Robservations on the media beat:
Two well-known veterans of CBS-owned WBBM-Channel 2 — former sports anchor Howard Sudberry and former meteorologist Steve Baskerville — are reuniting to launch their own weekly podcast. Starting in late February they’ll co-host “Back 2 You” for the Radio Misfits Podcast Network. “It’s light, it’s fun, it’s about a lot of this and that,” said executive producer Tony Lossano. “They’ll also talk about various work experiences that everyone can relate to, their contacts with legendary stars, and interviews with well-known people.” Sudberry, who left CBS 2 in 2009, has been senior director of marketing and communications at Arlington International Racecourse since 2011. Baskerville retired from CBS 2 in 2017. Joining Sudberry and Baskerville on the podcast each week will be Alyssa Ali, an on-air reporter for Arlington Park.
Lourdes Duarte, news anchor and investigative reporter at Tribune Broadcasting WGN-Channel 9, has been named recipient of the Distinguished Alumna Award from the Center for Journalism Integrity and Excellence at DePaul University. Duarte, a 1999 graduate of DePaul, will be honored along with Distinguished Journalist Award recipient Dean Baquet, executive editor of the New York Times and Pulitzer Prize-winning former reporter for the Chicago Tribune. Carol Marin and Don Moseley, co-directors of the center, will present the awards at a luncheon April 25.
Look for Mike Lorber to be back up in the air soon for NBC-owned WMAQ-Channel 5. The longtime flying traffic reporter has been grounded since United States Traffic Network went out of business in December. Under a new agreement about to be finalized with Total Traffic and Weather Network, Lorber is expected to resume his reports from the Sky 5 helicopter for NBC 5’s daily newscasts. “We are looking forward to his return,” said Frank Whittaker, station manager and vice president of news at NBC 5.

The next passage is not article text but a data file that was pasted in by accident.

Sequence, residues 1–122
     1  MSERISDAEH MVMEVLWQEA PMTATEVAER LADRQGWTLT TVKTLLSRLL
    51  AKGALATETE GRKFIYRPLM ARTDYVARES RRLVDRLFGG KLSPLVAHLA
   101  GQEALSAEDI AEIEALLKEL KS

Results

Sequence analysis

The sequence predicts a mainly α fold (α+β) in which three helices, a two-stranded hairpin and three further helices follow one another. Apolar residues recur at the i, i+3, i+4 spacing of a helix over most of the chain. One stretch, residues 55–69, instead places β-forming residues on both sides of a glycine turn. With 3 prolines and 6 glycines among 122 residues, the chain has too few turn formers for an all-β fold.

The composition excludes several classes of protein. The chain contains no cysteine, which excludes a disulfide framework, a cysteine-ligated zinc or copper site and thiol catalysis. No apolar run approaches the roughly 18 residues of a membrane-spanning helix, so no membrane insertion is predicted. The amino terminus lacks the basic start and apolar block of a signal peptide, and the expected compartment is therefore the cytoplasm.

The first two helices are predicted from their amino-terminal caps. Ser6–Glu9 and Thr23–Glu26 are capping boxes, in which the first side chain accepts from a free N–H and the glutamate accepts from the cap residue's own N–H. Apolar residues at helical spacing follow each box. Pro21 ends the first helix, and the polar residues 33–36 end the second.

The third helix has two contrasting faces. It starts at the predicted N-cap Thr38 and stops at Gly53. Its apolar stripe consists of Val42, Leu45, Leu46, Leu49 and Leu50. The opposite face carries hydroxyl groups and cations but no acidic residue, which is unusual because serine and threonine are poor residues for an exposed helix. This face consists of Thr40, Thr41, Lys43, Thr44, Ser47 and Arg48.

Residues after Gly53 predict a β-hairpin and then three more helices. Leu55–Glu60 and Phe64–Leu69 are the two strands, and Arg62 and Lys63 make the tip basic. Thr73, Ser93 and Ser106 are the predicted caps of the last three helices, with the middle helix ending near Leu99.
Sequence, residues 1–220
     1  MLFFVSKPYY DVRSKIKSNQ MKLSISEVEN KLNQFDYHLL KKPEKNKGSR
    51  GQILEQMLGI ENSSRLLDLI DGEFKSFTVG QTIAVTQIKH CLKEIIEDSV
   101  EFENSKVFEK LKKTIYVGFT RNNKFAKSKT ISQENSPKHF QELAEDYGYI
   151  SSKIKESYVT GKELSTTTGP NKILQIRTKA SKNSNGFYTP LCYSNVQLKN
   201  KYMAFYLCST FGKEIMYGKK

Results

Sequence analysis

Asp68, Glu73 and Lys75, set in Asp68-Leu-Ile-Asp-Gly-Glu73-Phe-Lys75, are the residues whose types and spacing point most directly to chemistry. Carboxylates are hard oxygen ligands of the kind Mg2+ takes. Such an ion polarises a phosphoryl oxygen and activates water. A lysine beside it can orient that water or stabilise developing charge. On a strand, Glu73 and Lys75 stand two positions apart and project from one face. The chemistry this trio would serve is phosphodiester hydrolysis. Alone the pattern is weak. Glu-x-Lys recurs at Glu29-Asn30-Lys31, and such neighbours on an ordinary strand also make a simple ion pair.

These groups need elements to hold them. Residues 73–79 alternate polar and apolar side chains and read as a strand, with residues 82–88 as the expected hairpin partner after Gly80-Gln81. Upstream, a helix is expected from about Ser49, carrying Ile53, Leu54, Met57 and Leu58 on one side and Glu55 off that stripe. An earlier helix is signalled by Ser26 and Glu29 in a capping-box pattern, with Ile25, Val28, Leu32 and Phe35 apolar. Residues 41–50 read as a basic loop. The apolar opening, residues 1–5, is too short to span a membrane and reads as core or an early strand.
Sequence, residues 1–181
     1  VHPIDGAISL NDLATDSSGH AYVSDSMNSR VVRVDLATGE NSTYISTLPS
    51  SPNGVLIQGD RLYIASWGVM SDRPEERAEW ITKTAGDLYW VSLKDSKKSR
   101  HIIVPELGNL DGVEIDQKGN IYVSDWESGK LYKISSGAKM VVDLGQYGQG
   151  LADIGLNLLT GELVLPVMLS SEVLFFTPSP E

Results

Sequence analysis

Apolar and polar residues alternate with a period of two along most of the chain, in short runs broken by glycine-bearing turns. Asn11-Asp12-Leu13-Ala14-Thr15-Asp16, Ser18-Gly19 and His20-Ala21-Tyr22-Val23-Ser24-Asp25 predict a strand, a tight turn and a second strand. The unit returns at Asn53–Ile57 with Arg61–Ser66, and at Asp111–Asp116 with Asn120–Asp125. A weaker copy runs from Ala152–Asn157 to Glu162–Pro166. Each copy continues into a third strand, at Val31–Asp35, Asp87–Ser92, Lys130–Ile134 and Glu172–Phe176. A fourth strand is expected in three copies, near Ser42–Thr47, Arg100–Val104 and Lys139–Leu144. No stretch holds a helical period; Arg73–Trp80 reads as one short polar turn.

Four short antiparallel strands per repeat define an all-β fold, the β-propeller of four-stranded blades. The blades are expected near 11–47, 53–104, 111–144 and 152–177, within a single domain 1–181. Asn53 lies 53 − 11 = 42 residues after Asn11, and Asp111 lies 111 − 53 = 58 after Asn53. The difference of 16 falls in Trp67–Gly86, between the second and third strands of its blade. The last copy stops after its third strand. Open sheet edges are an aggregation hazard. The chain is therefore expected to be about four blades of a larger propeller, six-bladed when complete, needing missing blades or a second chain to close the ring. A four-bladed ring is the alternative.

ESPN Radio sports/talk WMVP 1000-AM unveiled a new title sponsor Thursday for its State Street studio. Under a comprehensive multiyear agreement with the station, the studio will be branded for First Midwest Bank. “Two great brands, leaders in their industries, joining forces to serve Chicago sports fans every day,” Jim Pastor, vice president and general manager of ESPN 1000, said in a statement. Mazda had been the studio rightsholder since 2014.
Fifty years after one of the most remarkable seasons in Chicago Cubs history, Hall of Fame pitcher Ferguson Jenkins has written The 1969 Cubs: Long Remembered – Never Forgotten. Just published by Signature Strength and featuring a foreword by former teammate Randy Hundley, it features personal reflections and insights from Jenkins on the season and its aftermath. “Better late than never,” he writes, “and better for this insider to share what he knows about the unforgettable group of guys who truly gave birth to the modern Chicago Cubs.” Jenkins wrote it in collaboration with Chicago sports writer, historian and author George Castle, who now has 17 books to his credit.
Pat Colander is being remembered as a fearless writer and editor with an infectious laugh and an endless stream of stories. The longtime journalist and author died of cancer Monday in Hobart, Indiana. She was 66. Colander, who grew up on Chicago’s South Side, worked for the Chicago Tribune, the Chicago Reader, the Northwest Indiana Times, Lake magazine and Shore magazine. In 2016 she won the Chicago Writer’s Association Book of the Year Award for Hugh Hefner’s First Funeral and Other True Tales of Love and Death in Chicago, a collection of her articles. Services for Colander will be at 10 a.m. Friday at St. Mary of the Lake, 6060 Miller Avenue in Gary, Indiana.
Thursday’s comment of the day: Paul Lockwood: I was lucky enough to be included in a taped “Guess That Google Search” comedy bit. It was fun, Pat [Tomasulo] couldn’t have been nicer, and the final edited version was very funny. Glad he’s getting renewed; it’s a great alternative to late news in a Saturday night!